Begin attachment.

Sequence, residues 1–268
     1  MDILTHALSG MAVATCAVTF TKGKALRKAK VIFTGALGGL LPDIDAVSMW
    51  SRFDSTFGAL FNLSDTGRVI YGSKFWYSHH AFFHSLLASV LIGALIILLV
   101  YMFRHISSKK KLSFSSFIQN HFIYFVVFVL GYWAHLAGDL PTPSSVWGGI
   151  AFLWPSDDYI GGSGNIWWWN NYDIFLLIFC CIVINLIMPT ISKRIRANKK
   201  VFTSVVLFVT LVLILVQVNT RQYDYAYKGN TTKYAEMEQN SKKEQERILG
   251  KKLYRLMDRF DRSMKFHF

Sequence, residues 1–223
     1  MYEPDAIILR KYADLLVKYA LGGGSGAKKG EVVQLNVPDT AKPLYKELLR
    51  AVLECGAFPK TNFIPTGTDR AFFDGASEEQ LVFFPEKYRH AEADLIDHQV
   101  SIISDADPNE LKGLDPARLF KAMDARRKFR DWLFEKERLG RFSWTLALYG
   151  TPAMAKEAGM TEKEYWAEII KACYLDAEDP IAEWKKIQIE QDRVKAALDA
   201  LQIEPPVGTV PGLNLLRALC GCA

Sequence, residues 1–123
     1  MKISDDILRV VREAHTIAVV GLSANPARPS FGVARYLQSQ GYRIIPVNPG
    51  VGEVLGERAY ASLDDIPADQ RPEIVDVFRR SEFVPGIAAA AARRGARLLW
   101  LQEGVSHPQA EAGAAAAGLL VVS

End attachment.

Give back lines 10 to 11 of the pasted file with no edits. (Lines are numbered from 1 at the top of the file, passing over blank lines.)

    51  AVLECGAFPK TNFIPTGTDR AFFDGASEEQ LVFFPEKYRH AEADLIDHQV
   101  SIISDADPNE LKGLDPARLF KAMDARRKFR DWLFEKERLG RFSWTLALYG